Foreign investments

Foreign investment rebounds in Q2

PHILIPPINE STAR/ MIGUEL DE GUZMAN

FOREIGN INVESTMENT commitments rebounded in the second quarter, ending five consecutive quarters of decline, signaling the country’s attractiveness after the adoption of the law which gradually reduces corporate tax.

Preliminary data from the Philippine Statistics Authority (PSA) showed that approved foreign investment rose 45.5% to 22.50 billion pesos in the second quarter, from 15.46 billion pesos recorded a year ago. a year.

The April-June growth was a reversal from the 32.9% decline in the first three months and the 68.8% decline in the second quarter of 2020.

It also ended the decline in foreign investment pledges that began in the first quarter of last year when the coronavirus pandemic began.

PSA data also showed the level of foreign investment was the highest in two quarters or since the 36.49 billion pesos committed in the last three months of 2020.

Projects approved with foreign interests in the second quarter are expected to generate 17,013 jobs, down 22.1% from a year ago.

Meanwhile, investment pledges from Filipinos during the period fell 89.2 percent year-on-year to 60.28 billion pesos. It accounted for 72.8% of combined local and foreign liabilities worth 82.78 billion pula, down from 85.6%.

If foreign and local commitments materialize, these projects should generate 25,056 jobs, or 31.5% less than the 36,572 additional jobs expected a year ago.

PSA’s foreign investment commitments differ from the actual foreign direct investment (FDI) tracked by the Bangko Sentral ng Pilipinas for balance of payments purposes. Central bank monitoring also goes beyond projects and includes other items such as reinvested earnings and lending to Philippine units through their debt instruments.

Colegio de San Juan de Letran graduate school dean Emmanuel J. Lopez attributed the second-quarter rebound to investors’ “continued confidence” in the country’s economic recovery.

“After more than a year of recession, the economy is back on its feet. This, despite the quarantine restrictions put in place which continue to hamper the growth of the economy,” he said in an email interview.

Meanwhile, Rizal Commercial Banking Corp. Chief Economist Michael L. Ricafort said the growth can be attributed to the Corporate Recovery and Tax Incentives for Enterprises (CREATE) Act which was signed into law in March. He noted that CREATE may have increased the Philippines’ attractiveness to foreign investors, as the law lowered the corporate tax rate to 20% – a level closer to other Southeast Asian countries. .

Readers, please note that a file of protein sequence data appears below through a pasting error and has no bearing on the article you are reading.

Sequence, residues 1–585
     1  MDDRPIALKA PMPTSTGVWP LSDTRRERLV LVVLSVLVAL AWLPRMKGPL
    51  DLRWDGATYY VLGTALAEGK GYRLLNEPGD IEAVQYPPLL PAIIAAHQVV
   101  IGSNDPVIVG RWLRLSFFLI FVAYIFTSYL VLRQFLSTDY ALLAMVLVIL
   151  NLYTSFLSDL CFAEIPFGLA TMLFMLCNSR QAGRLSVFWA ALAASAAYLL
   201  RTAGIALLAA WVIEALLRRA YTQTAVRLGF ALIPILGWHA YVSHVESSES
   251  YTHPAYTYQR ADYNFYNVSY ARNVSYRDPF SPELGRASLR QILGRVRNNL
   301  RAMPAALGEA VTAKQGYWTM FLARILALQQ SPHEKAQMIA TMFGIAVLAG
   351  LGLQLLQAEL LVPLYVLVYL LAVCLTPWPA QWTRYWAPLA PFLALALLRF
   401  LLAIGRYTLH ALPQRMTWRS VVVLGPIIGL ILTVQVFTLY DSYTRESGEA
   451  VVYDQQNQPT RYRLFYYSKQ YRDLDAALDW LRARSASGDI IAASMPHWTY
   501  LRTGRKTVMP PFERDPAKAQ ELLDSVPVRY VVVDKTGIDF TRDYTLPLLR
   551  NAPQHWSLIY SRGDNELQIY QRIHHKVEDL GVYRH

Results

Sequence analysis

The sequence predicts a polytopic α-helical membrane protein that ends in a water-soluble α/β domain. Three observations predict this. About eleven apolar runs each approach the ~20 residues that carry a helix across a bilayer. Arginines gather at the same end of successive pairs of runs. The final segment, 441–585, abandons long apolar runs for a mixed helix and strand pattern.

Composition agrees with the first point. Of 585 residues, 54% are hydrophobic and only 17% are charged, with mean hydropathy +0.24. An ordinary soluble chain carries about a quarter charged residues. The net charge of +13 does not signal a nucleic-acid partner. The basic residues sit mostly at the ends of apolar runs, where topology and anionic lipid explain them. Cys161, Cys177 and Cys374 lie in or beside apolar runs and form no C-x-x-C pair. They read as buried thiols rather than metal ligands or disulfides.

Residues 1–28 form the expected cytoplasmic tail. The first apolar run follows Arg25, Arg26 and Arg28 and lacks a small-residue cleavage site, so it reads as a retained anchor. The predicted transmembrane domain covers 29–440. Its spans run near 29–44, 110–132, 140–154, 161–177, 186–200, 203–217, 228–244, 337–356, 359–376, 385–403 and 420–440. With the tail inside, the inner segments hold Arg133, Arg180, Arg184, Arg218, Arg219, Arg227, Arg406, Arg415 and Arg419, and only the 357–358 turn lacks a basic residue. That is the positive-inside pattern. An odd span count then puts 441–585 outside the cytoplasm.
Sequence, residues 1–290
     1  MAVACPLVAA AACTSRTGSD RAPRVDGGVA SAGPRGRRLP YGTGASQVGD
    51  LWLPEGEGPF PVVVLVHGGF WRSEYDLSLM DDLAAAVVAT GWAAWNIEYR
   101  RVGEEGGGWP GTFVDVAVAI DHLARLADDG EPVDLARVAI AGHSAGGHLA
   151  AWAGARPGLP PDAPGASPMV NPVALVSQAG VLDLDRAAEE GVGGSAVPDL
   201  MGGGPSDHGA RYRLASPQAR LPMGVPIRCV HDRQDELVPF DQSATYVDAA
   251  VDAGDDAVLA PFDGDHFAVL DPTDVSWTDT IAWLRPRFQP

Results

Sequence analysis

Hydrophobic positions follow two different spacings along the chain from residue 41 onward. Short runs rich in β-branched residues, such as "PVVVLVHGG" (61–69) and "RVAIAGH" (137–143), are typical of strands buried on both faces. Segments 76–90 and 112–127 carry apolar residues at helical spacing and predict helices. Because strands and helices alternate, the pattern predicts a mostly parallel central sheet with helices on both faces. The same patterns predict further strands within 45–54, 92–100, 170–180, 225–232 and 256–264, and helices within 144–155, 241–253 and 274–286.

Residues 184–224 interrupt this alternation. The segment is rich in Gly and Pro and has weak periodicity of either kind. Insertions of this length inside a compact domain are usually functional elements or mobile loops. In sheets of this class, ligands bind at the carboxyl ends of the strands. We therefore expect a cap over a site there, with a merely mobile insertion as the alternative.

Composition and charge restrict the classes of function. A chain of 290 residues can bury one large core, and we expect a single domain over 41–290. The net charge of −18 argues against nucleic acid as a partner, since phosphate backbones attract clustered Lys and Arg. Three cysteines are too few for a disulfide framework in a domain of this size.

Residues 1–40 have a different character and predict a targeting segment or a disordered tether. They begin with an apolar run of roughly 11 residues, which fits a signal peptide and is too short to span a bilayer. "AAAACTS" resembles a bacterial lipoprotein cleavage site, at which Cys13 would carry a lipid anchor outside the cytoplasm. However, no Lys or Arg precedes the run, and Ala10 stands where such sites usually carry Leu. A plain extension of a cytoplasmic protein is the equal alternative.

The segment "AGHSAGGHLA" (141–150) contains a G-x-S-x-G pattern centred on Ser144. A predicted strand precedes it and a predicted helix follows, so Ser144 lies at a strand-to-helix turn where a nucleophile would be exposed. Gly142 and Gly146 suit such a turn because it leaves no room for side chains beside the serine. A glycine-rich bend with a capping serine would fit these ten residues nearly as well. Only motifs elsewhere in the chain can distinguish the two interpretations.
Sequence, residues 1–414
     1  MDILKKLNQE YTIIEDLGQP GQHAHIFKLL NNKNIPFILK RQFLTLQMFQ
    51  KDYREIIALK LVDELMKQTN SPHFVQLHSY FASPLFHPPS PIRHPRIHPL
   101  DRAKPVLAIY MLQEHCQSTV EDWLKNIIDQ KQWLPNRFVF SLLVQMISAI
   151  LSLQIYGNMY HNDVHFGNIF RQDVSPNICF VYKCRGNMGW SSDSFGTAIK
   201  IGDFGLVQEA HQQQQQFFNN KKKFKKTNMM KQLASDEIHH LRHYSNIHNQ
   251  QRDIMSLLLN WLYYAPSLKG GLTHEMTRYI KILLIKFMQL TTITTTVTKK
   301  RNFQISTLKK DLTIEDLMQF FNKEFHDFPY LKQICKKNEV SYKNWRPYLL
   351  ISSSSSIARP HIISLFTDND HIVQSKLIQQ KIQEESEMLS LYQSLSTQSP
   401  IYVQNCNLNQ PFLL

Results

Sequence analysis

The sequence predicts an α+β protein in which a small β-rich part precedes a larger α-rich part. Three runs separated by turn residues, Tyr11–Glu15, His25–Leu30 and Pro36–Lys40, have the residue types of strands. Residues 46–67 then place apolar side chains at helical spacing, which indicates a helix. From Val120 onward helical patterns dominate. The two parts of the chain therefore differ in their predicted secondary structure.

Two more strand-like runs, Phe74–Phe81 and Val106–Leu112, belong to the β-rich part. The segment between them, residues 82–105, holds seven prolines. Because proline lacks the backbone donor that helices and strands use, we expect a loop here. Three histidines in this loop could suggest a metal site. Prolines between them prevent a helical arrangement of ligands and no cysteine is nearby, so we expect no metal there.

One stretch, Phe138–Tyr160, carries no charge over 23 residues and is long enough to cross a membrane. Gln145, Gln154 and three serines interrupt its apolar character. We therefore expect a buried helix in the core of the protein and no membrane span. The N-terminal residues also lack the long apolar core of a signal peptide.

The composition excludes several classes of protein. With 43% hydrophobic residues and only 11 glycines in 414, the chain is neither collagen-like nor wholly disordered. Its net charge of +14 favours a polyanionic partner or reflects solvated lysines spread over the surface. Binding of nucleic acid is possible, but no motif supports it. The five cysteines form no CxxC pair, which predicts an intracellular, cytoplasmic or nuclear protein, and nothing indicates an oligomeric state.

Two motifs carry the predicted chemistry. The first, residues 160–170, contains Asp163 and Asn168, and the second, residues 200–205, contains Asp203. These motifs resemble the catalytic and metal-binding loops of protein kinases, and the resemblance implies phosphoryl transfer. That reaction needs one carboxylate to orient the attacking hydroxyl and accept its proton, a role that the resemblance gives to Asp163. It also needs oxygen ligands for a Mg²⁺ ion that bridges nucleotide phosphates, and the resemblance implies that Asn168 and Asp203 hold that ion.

“Additionally, the CREATE Act has also provided greater certainty for investment incentives, thus making more foreign investors more decisive to set up shop in the country,” Ricafort said.

“Mathematically, weak base/denominator effects, given the severe lockdowns in the previous year (Q2 2020) also quantitatively led to higher year-on-year growth in foreign investment pledges,” he added.

The government has investment commitments from seven investment promotion agencies, which are authorized by law to provide tax and non-tax incentives to investors establishing businesses or expanding existing businesses in priority sectors.

The investment pledges tracked by the statistical agency are the Philippine Economic Zone Authority (PEZA), Board of Investments (BoI), Clark Development Corp. (CDC), Subic Bay Metropolitan Authority (SBMA), Bataan Free Zone Authority (AFAB), BoI-Bangsamoro Autonomous Region in Muslim Mindanao (BoI-BARMM) and the Economic Zone Authority of Cagayan (CEZA).

The BoI contributed the most to foreign pledges with a share of 65.7% (14.78 billion pesos). This was followed by PEZA’s 22.3% share at 5.02 billion pesos, CDC’s 9.6% share at 2.15 billion pesos, AFAB’s 2.3% share at 509 million pesos and the 0.1% share of CEZA at 25 million pesos and the 0.1% share of SBMA at 20.5 million pesos. .

No data on investment authorizations by foreign nationals has been provided by the BoI-BARMM.

By industry, 55.7% of total foreign investment pledges of 12.53 billion pesos went to the information and communication sector, followed by construction with 16.1% (3.62 billion pesos). pesos) and manufacturing with 10.1% (2.27 billion pesos).

More than half of the foreign investments pledged in the second quarter came from the United Kingdom (12.52 billion pula), followed by South Korea (2.25 billion pula) and the United States (2.13 billion pula). pulla).

Most of the foreign investment will fund domestic projects worth 12.52 billion pesos. Central Luzon grabbed 16.3% (P3.66bn), while Calabarzon secured a 9.36% (P2.11bn) share.

Lopez expects foreign investment to pick up momentum over the next two quarters.

“Restrictions are expected to ease and investment should flow in due to increased consumer spending coupled with expected election spending, although temporary will provide economic and investment spending relief,” he said. — Abigail Marie P. Yraola